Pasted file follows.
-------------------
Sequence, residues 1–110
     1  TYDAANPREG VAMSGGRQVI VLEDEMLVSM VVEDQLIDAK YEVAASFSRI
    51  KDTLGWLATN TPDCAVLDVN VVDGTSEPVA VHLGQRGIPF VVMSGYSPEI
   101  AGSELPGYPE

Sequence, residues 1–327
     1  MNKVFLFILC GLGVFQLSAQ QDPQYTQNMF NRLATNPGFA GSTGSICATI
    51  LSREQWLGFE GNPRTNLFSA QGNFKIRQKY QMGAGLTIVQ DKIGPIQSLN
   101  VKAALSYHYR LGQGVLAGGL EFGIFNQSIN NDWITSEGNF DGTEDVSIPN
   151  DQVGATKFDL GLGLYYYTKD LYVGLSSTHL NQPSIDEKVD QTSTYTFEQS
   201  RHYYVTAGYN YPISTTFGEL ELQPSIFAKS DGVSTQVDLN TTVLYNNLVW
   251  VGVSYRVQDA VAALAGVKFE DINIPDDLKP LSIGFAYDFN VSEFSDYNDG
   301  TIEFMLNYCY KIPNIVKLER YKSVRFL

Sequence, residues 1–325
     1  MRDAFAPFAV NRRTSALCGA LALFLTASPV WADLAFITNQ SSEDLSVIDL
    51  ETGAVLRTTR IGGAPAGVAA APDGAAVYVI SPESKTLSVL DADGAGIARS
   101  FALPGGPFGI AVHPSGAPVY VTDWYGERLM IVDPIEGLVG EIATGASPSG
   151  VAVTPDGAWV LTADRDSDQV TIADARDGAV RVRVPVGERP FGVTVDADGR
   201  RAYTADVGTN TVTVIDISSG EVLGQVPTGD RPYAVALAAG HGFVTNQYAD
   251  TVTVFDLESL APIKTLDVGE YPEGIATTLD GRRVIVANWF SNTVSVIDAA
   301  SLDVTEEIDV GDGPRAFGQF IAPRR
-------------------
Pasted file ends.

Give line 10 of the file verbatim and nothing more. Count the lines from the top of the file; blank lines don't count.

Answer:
   201  RHYYVTAGYN YPISTTFGEL ELQPSIFAKS DGVSTQVDLN TTVLYNNLVW